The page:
Short Fiction: From Stories to Sitcoms

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Course Number: 
ENGL 103 920
Instructor: 

MULLANEY, CLARE R

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Course Description:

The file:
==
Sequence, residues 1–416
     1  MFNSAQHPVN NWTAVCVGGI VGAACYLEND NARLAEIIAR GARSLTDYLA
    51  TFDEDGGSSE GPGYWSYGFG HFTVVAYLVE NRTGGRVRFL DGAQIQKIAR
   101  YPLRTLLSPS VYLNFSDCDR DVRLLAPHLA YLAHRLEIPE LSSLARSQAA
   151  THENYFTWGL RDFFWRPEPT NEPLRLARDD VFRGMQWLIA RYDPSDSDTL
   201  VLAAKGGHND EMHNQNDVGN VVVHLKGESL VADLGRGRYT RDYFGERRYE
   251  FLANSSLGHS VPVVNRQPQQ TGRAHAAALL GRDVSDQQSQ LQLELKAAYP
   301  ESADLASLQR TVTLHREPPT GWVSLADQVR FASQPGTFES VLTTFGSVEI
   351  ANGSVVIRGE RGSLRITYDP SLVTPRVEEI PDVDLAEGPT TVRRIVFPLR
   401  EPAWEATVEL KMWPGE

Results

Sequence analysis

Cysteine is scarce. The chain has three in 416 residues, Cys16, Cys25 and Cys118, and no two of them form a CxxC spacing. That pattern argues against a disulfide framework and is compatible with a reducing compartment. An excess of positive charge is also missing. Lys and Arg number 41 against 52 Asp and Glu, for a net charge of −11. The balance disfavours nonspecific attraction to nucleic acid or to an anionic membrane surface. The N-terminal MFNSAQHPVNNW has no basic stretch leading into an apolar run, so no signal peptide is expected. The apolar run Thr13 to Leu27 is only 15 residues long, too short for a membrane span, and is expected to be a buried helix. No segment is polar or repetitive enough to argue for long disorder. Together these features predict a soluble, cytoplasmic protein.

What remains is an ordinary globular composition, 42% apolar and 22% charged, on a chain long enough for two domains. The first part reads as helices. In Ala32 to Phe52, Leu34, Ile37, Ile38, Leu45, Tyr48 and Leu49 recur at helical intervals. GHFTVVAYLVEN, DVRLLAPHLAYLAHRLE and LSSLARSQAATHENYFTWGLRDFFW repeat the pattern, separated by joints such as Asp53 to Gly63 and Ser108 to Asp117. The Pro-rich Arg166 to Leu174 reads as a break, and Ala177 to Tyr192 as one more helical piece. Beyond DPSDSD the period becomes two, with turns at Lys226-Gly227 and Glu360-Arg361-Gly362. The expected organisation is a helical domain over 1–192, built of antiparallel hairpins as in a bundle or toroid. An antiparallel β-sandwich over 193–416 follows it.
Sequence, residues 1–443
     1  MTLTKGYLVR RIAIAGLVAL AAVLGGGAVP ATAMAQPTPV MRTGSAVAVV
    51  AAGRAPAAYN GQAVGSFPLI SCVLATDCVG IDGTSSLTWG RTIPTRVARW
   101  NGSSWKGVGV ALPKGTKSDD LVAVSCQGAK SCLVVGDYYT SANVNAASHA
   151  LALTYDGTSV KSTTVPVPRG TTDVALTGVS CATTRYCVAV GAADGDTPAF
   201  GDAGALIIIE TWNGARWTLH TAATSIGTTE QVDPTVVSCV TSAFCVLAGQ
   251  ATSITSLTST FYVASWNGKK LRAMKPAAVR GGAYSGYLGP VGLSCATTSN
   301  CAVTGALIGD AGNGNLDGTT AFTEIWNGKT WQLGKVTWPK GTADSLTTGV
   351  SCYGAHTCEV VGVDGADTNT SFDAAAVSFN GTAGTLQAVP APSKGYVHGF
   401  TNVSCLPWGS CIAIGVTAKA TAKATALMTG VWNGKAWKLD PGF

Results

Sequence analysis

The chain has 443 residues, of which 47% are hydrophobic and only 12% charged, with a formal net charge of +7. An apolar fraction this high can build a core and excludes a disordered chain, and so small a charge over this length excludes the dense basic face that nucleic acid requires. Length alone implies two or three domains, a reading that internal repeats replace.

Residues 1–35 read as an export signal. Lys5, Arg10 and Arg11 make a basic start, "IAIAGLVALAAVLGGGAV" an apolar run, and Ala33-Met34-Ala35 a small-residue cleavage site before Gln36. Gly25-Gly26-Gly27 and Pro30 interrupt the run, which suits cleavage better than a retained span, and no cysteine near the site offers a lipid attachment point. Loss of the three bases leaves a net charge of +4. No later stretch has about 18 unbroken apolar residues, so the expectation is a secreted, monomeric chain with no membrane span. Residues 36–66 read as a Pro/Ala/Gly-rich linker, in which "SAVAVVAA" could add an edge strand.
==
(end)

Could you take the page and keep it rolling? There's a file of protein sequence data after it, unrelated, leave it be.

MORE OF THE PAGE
What makes short forms of fiction appealing?  This course will consider how and why the short story became a distinctly American genre at the start of the nineteenth century.  Exploring what Henry James called the “thinness” of American literature, we will ask:  why was the short form—which emphasized compactness, brevity, and singularity—particularly suited to expressing national life and culture in the U.S.?  How did modes of publishing the short story change throughout time—from the periodical press to the anthology and even television?  And how does the short story engage in conversations about gender, race, class, and disability?  In addition to reading a number of critical essays on the short story, we will survey some of the major short story writers of the nineteenth and early twentieth century, including:  Washington Irving, Nathaniel Hawthorne, Edgar Allan Poe, Charles Chesnutt, Kate Chopin, Charlotte Perkins Gilman, Mary Wilkins Freeman, Sarah Orne Jewett, Stephen Crane, Willa Cather, Flannery O’Conner, and James Baldwin.  The second half of the course will look at the history of both radio and television sitcoms to consider how the short story form has adapted beyond just textual mediums.  In addition to listening to early radio broadcasts from the 1920s, we will watch selected episodes from the Honeymooners, I Love Lucy, Cheers, Seinfeld, Parks & Recreation, and The Middle, to name just a few.  Requirements will include a series of short research exercises, three short papers, and a creative project.  

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